Annapurna: 50 Years of Expeditions in the Death Zone. Reinhold Messner. Seattle: Mountaineers Books. 173 pages. $24.95.
There are other Annapurnas in men’s lives, as Maurice Herzog wrote, and Reinhold Messner has found many on Annapurna itself in this 50-year history of the mountain. This is really many books in one, each of them extremely worthy. On one level it is an examination of the progression of Himalayan mountaineering overall during the past half century viewed through the lens of Annapurna, on which many of the trends were set, from the siege- style first ascent of an 8000-meter peak, through the big-wall era that began on Annapurna’s south face, to the lighter alpine-style ascents epitomized by Loretan and Joos’s 1984 traverse and Messner’s own Northwest Face route with Kammerlander in 1985. The one trend Messner pointedly observes Annapurna has avoided is the recent popularity of “consumerist” ascents by hordes of guided clients on prepared routes.
The contrast with Everest could not be more stark, but on another level this book reminds me of Peter Gilman’s classic resource on Everest, containing not only wonderful stories and photos, but a complete database of routes, expeditions, and climbers as well. That this is not in the same large coffee-table format as the Everest book seems more a reflection of the relative marketability of these mountains than of the (high) quality of this book.
Along with the progression of climbing styles, Messner considers the evolution of expedition leadership as embodied by Herzog during the first ascent, Bonington in the big-wall era, and himself as a leader of a fast and light expedition. His own humility and compassion are remarkable in these portions of the book, as he resists the current tendency of certain writers (perhaps most notably David Roberts) toward self-righteous judgement out of historical context and out of the crucible of the death zone. Messner is able to recognize “the many truths” (as one section is titled) of such situations, and the conflicting motivations of all of the players. He gives a thorough and fair presentation of the controversies surrounding Maurice Herzog and his expedition tale. While noting the poignancy of the situation in which Herzog has few if any defenders left from vicious attacks, his resounding and well-argued conclusion is that Herzog needs no defense. Many of the charges leveled at Herzog, it turns out, involved things he had little influence over, as much of the control of the story (and the money) were in the hands of Lucien Devies, then-manager of the French Alpine Club. (Not only did Herzog’s book inspire many of us to become mountaineers, the proceeds from sales of the book made a significant contribution to subsequent French expedition mountaineering.)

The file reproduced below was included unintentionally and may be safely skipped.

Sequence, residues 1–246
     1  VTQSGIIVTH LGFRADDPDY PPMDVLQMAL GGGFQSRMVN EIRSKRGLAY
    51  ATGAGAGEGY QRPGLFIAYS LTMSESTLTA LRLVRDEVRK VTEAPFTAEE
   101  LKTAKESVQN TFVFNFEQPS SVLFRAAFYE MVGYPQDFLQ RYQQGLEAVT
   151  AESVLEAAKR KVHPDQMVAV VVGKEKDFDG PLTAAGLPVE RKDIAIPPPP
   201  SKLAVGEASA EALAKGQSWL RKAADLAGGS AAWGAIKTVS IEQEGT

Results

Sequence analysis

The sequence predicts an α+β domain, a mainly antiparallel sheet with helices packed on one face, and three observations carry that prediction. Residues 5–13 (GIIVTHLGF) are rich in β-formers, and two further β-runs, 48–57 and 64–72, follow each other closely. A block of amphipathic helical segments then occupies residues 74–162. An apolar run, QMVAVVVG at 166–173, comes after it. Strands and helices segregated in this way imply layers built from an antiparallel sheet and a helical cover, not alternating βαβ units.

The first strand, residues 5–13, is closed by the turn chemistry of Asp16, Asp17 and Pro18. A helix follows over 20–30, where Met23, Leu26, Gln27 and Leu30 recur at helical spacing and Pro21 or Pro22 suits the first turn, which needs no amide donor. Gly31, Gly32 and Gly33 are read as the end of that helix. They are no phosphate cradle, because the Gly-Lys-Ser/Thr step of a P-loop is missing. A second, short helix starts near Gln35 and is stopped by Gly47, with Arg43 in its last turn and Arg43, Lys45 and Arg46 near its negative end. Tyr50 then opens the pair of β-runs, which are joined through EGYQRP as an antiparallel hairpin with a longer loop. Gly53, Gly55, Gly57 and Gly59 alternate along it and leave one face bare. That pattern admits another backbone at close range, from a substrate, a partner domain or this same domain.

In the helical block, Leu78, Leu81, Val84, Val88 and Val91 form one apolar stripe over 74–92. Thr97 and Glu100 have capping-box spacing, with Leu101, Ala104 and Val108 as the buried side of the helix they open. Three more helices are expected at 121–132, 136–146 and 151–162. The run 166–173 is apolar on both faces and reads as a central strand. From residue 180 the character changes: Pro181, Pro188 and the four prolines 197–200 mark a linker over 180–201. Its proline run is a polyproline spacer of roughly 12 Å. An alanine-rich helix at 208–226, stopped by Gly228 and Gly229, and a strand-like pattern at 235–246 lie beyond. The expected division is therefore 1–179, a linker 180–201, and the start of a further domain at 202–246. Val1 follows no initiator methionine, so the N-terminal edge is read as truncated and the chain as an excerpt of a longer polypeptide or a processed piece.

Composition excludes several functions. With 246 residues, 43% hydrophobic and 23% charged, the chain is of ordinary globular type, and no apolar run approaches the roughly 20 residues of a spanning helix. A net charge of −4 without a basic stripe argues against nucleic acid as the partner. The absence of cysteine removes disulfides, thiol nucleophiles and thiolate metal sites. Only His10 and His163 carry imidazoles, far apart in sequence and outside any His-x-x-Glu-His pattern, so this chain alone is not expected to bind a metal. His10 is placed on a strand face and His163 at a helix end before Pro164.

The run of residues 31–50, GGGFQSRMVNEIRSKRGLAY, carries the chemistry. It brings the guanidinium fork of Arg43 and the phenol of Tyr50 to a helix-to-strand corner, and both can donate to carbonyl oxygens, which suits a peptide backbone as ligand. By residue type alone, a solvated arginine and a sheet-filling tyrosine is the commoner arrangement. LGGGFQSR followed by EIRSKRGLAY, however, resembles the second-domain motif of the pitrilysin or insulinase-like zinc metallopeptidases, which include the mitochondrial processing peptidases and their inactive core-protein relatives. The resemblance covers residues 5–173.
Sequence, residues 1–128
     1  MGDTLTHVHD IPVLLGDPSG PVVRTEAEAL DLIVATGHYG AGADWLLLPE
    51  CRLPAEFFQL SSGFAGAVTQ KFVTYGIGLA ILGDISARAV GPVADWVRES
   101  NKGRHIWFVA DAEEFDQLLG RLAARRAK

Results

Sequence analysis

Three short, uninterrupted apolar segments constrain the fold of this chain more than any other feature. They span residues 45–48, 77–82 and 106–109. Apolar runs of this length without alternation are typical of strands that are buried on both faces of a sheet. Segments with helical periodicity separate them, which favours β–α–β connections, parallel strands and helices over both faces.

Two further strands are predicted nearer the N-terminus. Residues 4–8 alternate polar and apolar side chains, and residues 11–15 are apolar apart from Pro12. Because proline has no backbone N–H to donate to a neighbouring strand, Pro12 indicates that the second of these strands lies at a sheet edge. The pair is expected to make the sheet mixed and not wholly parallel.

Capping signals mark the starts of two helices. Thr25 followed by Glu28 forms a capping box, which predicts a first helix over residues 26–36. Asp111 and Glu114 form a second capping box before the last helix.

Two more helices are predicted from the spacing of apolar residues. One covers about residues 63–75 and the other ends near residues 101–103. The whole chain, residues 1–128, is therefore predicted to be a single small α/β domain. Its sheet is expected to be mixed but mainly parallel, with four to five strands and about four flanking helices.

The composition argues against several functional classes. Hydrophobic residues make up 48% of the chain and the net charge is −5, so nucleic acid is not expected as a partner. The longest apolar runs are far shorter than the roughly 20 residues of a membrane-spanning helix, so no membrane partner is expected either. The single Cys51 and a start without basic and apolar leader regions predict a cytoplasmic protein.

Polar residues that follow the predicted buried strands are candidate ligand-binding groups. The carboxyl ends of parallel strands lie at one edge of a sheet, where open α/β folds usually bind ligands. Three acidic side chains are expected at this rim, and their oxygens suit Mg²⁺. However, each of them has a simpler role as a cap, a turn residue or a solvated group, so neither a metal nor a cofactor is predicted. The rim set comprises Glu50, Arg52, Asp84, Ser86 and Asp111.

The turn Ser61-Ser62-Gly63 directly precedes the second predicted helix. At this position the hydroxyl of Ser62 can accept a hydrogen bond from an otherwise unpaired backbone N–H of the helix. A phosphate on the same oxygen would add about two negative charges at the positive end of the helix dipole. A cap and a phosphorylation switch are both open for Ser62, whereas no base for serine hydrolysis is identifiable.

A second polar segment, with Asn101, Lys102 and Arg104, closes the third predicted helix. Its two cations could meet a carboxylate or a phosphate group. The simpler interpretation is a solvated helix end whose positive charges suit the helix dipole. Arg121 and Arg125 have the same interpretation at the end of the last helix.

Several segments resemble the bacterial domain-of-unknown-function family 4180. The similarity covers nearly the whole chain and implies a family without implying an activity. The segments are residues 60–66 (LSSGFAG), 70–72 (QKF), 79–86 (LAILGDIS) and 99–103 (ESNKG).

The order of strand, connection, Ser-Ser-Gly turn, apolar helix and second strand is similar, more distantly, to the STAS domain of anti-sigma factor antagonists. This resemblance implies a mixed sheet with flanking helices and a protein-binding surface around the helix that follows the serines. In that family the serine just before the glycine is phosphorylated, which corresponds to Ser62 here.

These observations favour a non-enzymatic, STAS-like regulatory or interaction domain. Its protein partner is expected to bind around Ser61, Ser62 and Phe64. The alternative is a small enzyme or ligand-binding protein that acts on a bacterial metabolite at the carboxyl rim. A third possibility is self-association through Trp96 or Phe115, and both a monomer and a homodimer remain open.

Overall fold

Herzog’s is just the most complex of the superb portraits of great mountaineers in this book. Messner’s portraits of many others, from Rebuffat and Bonington to Loretan and Kammerlander, are based on their personal friendships and his understanding of the extreme circumstances that cannot be avoided on Annapurna. Messner’s insights into these personalities and the epics and tragedies they faced, as well as into his own psyche, and the comprehensive view of their context through the entire sweep of the 8000-meter era, are treasures that only he could share so powerfully. In the shadow of Herzog’s classic, writing another Annapurna book would seem a daunting and fearsome task, but the feelings of awe, respect, and admiration this book evokes are not so distant from those of its namesake of 50 years before. I can’t think of a higher recommendation.